New government figures appear to show that “​improvem​ents”​ to the controversial “​fitness for work”​ test are having limited impact on how many disabled people are able to hold on to their out-of-work disability benefits.

The Department for Work and Pensions (DWP) figures show that the proportion of existing claimants of incapacity benefit (IB) found fit for work after being reassessed increased from 24 per cent in March 2011 to 35 per cent during February 2012.

The government is using the work capability assessment to reassess all 1.5 million people who were claiming IB, testing their eligibility for the new employment and support allowance (ESA).

The reassessment process began with trials in the autumn of 2010, with the programme rolling out across the country from last spring. It is expected to take another 18 months before all remaining IB claimants have been reassessed.

The latest figures show that in the three months to February 2012, 36 per cent of claimants were found fit for work, 39 placed in the work-related activity group (WRAG, for those expected to move gradually towards work) and 25 per cent in the support group (for those with the highest barriers to work)*.

The previous three-month period had seen 34 per cent found fit for work, with 43 per cent in WRAG and 23 per cent in the support group.

The first independent review of the WCA by Professor Malcolm Harrington was published in November 2010, with the second following in November 2011.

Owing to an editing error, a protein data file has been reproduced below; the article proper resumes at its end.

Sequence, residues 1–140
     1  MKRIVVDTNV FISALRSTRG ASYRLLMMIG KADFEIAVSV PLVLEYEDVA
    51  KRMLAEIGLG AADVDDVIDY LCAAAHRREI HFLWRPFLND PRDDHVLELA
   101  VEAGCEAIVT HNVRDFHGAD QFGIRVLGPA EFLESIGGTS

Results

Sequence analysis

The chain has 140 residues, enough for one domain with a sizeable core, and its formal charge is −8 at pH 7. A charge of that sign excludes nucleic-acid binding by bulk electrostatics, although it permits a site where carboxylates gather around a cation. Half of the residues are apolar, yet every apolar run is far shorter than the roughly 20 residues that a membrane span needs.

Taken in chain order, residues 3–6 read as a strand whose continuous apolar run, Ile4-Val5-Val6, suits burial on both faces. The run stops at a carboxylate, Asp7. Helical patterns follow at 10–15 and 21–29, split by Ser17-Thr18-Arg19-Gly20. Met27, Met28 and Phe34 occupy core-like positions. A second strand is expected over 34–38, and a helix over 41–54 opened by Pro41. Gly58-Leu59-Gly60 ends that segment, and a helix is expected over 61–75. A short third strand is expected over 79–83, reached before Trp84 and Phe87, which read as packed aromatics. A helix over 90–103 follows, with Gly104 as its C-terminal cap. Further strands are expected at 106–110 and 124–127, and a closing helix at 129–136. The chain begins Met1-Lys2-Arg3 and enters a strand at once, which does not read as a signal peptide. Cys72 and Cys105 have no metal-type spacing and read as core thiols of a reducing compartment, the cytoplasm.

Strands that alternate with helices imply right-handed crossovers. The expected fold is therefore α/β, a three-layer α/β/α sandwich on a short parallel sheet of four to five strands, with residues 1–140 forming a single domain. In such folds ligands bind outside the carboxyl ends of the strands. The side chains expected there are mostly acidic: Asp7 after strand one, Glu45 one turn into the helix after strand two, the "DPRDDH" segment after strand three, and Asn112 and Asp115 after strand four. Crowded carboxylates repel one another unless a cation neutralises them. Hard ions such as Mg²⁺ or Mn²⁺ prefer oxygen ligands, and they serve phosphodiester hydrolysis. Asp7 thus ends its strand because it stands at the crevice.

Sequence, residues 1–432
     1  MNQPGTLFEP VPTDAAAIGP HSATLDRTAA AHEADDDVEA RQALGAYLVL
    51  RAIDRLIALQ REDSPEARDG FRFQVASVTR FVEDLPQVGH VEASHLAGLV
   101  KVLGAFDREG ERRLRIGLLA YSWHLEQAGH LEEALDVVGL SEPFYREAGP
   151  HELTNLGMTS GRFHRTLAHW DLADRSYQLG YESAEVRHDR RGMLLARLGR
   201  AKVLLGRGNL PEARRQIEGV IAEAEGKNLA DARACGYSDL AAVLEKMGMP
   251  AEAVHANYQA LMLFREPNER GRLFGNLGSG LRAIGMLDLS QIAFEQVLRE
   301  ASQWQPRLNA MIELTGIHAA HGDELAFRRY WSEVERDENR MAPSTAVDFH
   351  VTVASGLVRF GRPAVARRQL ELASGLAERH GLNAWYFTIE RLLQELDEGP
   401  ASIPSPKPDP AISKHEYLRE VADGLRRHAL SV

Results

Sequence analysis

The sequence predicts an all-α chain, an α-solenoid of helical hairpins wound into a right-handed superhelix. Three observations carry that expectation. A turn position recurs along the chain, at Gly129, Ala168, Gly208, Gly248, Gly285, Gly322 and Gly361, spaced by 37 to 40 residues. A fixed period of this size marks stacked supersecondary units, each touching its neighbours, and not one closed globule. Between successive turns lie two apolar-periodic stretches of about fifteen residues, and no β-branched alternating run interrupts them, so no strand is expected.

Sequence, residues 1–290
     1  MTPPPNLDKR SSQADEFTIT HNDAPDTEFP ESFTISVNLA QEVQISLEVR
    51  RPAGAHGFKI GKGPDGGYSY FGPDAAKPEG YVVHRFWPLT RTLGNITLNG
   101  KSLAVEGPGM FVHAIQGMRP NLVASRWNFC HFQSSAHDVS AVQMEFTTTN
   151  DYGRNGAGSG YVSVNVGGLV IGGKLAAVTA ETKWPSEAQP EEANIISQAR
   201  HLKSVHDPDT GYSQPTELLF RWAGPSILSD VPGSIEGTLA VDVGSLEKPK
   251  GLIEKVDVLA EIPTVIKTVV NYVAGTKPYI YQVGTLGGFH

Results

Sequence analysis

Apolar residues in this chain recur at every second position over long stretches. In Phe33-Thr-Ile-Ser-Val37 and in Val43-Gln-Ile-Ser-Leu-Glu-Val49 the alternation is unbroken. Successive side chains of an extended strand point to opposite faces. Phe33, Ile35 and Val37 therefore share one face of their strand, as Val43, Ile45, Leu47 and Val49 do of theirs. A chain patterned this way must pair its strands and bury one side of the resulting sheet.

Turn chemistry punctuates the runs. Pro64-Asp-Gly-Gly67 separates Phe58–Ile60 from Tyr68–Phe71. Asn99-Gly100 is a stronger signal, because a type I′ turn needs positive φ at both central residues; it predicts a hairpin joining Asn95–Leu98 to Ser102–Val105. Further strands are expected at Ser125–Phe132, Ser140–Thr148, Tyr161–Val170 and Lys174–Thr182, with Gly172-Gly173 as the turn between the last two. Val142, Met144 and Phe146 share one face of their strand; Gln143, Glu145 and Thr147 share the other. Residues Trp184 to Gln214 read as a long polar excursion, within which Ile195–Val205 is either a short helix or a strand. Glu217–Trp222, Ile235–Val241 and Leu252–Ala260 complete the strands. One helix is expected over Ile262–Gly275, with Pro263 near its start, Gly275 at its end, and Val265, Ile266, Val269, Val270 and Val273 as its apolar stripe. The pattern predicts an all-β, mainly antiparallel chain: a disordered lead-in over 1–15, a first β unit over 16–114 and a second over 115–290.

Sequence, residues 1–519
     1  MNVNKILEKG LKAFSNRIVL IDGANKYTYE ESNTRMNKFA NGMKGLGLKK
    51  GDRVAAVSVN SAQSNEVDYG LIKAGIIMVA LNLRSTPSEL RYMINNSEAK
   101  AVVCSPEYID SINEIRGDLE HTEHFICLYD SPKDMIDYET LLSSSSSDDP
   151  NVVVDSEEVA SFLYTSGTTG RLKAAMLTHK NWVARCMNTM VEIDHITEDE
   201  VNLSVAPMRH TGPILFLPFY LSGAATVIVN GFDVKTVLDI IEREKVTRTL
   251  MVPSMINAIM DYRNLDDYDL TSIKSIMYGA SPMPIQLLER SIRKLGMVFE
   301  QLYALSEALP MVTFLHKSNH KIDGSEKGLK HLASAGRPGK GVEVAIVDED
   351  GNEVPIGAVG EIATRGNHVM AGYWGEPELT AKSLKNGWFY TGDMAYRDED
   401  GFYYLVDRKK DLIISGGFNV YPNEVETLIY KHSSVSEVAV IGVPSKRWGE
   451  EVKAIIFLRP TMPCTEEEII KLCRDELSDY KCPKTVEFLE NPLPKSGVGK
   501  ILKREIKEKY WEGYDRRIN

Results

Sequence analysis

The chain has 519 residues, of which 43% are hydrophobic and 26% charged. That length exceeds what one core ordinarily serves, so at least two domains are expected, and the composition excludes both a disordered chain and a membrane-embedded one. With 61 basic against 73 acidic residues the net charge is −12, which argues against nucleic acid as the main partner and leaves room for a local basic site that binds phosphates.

The new figures appear to show that the proportion of claimants placed in the support group increased slightly in the first months after the second review, but they suggest that the proportion of those IB claimants reassessed and found fit for work also rose.

The disabled activist and blogger Sue Marsh, a leading campaigner for ESA reform, said it was impossible to draw clear conclusions on how the WCA was changing from the data available.

But she said she would have expected the proportion of people found fit for work to be falling as the Harrington changes were introduced by the government over the last two years, and that did not appear to be happening.

*The figures –​ particularly in the most recent months –​ are likely to be adjusted in due course to take account of successful appeals

News provided by John Pring at


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